The Great Chip Chase

Courtesy of Agilent Technologies With last year's complete sequencing of the human genome, a number of manufacturers raced to produce the first series of human genome microarrays, which were actually sets of two or more chips or slides. The next generation of human whole-genome arrays places the entire genome on a single chip, allowing scientists to observe gene expression profiles on one surface and under uniform experimental conditions, minimizing sample use and labor. "Now that the human g

Mary Addonizio
Sep 7, 2003
Courtesy of Agilent Technologies

With last year's complete sequencing of the human genome, a number of manufacturers raced to produce the first series of human genome microarrays, which were actually sets of two or more chips or slides. The next generation of human whole-genome arrays places the entire genome on a single chip, allowing scientists to observe gene expression profiles on one surface and under uniform experimental conditions, minimizing sample use and labor. "Now that the human genome is sequenced, putting it on a single chip is like conquering Mt. Everest. You do it because it's there," notes Todd Martinsky, vice president of microarray maker TeleChem International of Sunnyvale, Calif.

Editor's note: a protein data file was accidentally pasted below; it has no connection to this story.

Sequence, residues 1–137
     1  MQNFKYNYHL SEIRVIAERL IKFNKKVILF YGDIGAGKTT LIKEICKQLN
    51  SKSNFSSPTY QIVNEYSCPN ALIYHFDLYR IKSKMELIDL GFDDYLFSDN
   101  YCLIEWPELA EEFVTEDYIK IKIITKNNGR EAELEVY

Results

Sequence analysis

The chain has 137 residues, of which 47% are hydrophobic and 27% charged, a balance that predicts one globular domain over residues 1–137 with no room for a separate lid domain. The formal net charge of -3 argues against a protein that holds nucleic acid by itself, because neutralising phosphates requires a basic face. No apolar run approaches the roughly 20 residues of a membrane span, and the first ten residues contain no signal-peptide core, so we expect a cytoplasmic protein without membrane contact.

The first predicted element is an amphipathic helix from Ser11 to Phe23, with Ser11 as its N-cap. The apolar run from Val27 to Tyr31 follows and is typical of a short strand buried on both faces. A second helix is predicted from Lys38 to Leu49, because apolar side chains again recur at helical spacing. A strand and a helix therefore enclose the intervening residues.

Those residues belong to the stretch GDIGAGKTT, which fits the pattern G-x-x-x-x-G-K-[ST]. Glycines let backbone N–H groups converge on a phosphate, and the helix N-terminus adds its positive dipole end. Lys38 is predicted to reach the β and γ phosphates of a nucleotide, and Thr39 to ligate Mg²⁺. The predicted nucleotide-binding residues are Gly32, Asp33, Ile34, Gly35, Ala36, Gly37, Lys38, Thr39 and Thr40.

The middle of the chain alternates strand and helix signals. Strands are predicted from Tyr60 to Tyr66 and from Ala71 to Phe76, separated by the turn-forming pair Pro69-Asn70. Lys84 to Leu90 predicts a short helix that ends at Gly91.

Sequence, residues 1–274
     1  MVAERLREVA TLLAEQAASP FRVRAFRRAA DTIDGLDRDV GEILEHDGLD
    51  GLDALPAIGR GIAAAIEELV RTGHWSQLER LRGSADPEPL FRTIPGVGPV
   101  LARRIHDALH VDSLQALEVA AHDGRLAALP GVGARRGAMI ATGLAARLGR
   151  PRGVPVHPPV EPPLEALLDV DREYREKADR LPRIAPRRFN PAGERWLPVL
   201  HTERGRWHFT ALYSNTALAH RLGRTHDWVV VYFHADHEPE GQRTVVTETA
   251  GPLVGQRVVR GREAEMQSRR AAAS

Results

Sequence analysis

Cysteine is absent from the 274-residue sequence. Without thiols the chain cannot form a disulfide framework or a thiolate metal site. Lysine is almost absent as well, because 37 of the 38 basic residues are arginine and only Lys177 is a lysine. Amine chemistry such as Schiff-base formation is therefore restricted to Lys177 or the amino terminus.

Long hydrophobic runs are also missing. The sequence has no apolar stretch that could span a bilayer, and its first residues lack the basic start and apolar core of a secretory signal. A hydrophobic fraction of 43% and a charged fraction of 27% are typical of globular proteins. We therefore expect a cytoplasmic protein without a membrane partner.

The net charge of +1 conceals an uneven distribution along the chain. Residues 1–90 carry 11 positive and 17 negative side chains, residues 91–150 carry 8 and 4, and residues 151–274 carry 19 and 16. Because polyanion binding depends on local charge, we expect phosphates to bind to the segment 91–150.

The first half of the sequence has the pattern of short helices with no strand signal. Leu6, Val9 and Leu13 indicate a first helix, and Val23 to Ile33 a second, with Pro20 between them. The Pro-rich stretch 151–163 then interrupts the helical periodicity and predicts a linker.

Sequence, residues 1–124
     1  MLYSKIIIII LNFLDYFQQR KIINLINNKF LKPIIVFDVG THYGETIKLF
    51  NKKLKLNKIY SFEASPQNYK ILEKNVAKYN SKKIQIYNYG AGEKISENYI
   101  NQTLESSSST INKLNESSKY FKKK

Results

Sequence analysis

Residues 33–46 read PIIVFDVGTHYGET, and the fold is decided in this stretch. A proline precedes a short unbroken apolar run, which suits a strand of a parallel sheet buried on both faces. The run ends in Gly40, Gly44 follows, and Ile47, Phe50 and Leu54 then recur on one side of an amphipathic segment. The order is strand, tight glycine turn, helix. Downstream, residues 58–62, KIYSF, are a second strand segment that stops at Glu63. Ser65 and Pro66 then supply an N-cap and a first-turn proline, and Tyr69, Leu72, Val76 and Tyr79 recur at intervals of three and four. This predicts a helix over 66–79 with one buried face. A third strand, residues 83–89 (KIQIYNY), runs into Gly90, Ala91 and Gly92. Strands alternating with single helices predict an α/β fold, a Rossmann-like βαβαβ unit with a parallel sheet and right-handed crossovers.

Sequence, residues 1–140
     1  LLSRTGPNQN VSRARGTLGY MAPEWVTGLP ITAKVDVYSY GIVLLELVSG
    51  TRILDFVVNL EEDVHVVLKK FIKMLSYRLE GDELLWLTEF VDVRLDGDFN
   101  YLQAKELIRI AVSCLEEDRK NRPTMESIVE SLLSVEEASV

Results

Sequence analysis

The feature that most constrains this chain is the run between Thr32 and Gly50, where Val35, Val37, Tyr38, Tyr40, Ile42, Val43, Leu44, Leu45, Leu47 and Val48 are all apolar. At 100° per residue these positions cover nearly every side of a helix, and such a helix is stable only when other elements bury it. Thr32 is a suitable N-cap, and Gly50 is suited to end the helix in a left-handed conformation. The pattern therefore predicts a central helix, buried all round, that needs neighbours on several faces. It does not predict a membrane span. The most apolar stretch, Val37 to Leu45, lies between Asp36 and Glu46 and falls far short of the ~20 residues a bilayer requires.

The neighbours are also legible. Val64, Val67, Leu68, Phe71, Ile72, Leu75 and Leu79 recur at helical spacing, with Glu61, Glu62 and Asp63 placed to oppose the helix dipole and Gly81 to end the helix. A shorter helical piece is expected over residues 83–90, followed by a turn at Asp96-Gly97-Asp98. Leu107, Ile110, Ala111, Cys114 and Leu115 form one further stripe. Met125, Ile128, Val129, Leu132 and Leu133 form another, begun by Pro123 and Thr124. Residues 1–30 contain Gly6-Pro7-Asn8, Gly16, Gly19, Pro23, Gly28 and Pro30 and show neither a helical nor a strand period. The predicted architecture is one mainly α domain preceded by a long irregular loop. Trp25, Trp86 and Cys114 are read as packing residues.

Three intrepid microarray manufacturers are now racing to the proverbial summit. Applied Biosystems of Foster City, Calif., started first, announcing on July 22 plans to release an array before year's end 2003. Then, on July 28, NimbleGen Systems of Madison,...

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